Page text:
By Marc Korman.
Back in October I wrote about campaign finance reports for the US House of Representatives candidates. Unlike state campaign finance reports, federal reports are released quarterly. Reports from the 4th quarter of 2009, covering October 1st to December 31st, are now online and it is time for an update.
1st Congressional District
In October, I wrote that Congressman Frank Kratovil is “Maryland’s most endangered incumbent.” I meant it then and it is just as true today. Unless former-Governor Ehrlich takes the plunge, this will be the only Maryland campaign to receive significant national attention in 2010.
During the 4th quarter, Kratovil raised a respectable amount and has a healthy amount in the bank. But despite that nice chunk of change, Kratovil has a lot of problems. His announced opponent, State Senator Andy Harris, is so far unopposed which is a significant improvement for him given his long primary battle in 2008 where the incumbent Republican, vanquished in the primary, endorsed the Democrat. Harris may start 2010 with less cash on hand, but he also starts with a double digit lead in the polls. In 2008 Kratovil did not pull ahead in the polls until around October, but the playing field will be very different this year now that Kratovil is an incumbent and the Democratic winds are no longer at his back.
4th Congressional District
Congresswoman Donna Edwards caught a break when Prince George’s County State’s Attorney Glenn Ivey decided not to challenge her. But she took his potential challenge, as well as the stirrings from Delegate Herman Taylor, seriously and raised significantly more in the last quarter. She still has a lot less than a typical House incumbent, but her numbers are a significant improvement over the last quarter when she raised about $39,000 and had $56,000 in the bank.
I could not find a federal report for Delegate Herman Taylor. It is hard to see how Taylor can pull off an upset barring a scandal, especially if he does not have federal funds ready to go.
6th Congressional District
Long time incumbent Roscoe Bartlett continues his streak of not showing too much interest in fundraising or campaigning. But he is still in fine shape financially given his Republican leaning district.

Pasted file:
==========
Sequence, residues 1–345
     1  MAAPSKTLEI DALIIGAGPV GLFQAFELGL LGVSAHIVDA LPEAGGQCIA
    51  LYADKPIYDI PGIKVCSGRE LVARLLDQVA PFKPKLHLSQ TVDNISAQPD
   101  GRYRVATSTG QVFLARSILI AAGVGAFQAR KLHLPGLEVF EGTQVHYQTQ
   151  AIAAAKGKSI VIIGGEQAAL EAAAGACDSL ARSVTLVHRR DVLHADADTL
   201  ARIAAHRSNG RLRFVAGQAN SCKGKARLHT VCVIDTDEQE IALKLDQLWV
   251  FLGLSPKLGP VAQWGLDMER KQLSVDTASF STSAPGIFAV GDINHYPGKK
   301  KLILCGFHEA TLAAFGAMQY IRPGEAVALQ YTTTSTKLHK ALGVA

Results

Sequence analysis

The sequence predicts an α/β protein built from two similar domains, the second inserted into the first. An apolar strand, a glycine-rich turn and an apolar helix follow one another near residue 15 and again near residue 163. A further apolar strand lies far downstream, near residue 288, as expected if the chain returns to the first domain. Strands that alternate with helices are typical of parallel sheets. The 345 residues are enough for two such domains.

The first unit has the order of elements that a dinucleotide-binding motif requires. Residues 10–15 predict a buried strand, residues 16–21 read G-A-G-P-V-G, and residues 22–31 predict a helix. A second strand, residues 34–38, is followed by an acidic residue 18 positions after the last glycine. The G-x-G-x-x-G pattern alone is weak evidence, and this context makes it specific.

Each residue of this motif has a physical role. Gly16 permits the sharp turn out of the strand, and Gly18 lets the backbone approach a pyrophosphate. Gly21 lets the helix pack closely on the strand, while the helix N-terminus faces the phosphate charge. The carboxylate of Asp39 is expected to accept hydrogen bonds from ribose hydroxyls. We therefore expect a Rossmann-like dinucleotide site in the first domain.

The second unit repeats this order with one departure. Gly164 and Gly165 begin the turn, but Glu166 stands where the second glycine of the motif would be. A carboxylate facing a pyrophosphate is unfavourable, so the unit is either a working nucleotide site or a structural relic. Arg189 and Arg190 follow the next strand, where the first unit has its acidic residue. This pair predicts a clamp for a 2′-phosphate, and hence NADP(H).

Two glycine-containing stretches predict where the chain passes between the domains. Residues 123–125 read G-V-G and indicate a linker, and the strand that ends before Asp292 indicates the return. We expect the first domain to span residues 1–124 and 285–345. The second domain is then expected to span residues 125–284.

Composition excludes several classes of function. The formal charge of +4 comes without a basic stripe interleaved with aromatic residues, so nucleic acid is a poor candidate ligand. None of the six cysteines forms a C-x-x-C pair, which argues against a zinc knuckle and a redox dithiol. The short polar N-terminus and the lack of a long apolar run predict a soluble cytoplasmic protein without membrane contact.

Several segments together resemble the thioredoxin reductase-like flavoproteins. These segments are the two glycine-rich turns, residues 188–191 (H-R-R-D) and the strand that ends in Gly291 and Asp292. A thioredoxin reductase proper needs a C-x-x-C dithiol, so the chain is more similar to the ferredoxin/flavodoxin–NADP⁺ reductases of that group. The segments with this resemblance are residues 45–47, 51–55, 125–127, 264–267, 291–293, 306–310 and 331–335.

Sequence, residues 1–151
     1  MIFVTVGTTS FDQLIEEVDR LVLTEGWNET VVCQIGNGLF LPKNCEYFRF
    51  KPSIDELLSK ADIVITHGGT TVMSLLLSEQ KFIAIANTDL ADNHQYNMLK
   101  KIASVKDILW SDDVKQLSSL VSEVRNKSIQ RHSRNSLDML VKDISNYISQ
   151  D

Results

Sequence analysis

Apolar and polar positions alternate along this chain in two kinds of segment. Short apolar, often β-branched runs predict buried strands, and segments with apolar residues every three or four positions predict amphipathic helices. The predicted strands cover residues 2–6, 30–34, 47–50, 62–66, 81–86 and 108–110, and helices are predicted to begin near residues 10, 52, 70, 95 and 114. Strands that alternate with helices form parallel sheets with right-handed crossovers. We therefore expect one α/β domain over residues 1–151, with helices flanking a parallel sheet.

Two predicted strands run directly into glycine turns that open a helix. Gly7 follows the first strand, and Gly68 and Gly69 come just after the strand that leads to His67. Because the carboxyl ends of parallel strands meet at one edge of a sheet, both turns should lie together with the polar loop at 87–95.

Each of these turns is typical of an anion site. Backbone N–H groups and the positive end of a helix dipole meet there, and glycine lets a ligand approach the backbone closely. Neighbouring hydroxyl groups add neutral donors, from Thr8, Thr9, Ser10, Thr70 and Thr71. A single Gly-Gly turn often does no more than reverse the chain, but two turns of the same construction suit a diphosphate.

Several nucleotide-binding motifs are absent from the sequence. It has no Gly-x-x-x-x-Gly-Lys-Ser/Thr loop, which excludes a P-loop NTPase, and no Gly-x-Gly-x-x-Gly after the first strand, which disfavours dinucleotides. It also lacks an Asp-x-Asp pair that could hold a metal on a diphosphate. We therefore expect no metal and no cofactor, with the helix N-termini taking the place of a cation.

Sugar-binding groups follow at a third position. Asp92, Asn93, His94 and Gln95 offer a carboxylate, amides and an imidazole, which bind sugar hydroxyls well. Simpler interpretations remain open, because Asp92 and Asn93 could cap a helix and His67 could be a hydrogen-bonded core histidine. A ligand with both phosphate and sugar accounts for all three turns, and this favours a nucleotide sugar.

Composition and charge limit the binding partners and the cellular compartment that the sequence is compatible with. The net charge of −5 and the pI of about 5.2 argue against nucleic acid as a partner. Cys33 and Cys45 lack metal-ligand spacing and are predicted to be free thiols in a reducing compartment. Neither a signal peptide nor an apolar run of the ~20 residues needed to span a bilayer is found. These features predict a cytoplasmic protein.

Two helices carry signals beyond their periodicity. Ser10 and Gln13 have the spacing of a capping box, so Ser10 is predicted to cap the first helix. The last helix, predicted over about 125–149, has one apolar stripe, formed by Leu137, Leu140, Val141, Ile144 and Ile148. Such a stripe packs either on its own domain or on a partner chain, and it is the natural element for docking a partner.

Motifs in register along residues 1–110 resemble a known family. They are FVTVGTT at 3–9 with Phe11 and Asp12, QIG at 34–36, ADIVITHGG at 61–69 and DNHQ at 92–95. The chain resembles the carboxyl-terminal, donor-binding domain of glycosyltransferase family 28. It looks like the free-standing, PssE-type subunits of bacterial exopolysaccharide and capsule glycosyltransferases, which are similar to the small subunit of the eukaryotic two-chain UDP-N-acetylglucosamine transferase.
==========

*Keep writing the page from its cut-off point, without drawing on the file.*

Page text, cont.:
One of Barlett’s potential opponents, Casey Clark, is making a spirited showing. Since Clark began his campaign, he has raised approximately $95,000. That presents two problems. First, it is significantly less than the $150,000 Clark claimed to have raised earlier in January. Though it is possible he raised $50,000 more in January. Second, that is just nowhere near enough to be competitive against a long time incumbent who has so much more in the bank and will be assisted by national Republicans if he is seriously threatened.
2006 Democratic nominee Andrew Duck continues to have low fundraising. His only hope of getting through the primary is significant grassroots support built up over two previous runs.
8th Congressional District
Congressman Chris Van Hollen is safe in his district, but has a lot of insurance with his multi-million dollar campaign account. A significant sum of that impressive total will be directed to House races across the country as part of Van Hollen’s efforts as DCCC Chair. The outcome of the midterm elections could have a huge impact on Van Hollen’s future in the House. He originally did not want to return as DCCC Chair, was persuaded to by Speaker Pelosi, and now may be in charge of the political arm of the House Democrats in a brutal election year. It is early and November is a long way away, but if House Democrats suffer serious setbacks, Van Hollen will look less like a “Man of the House” and more like a future Senate candidate.
And All The Rest
All of the other Maryland incumbent House members should coast to reelection. They are all well positioned financially. Each has a minimum of $500,000 in the bank and raised in the six figures last quarter.
Wednesday, February 10, 2010
By Marc Korman.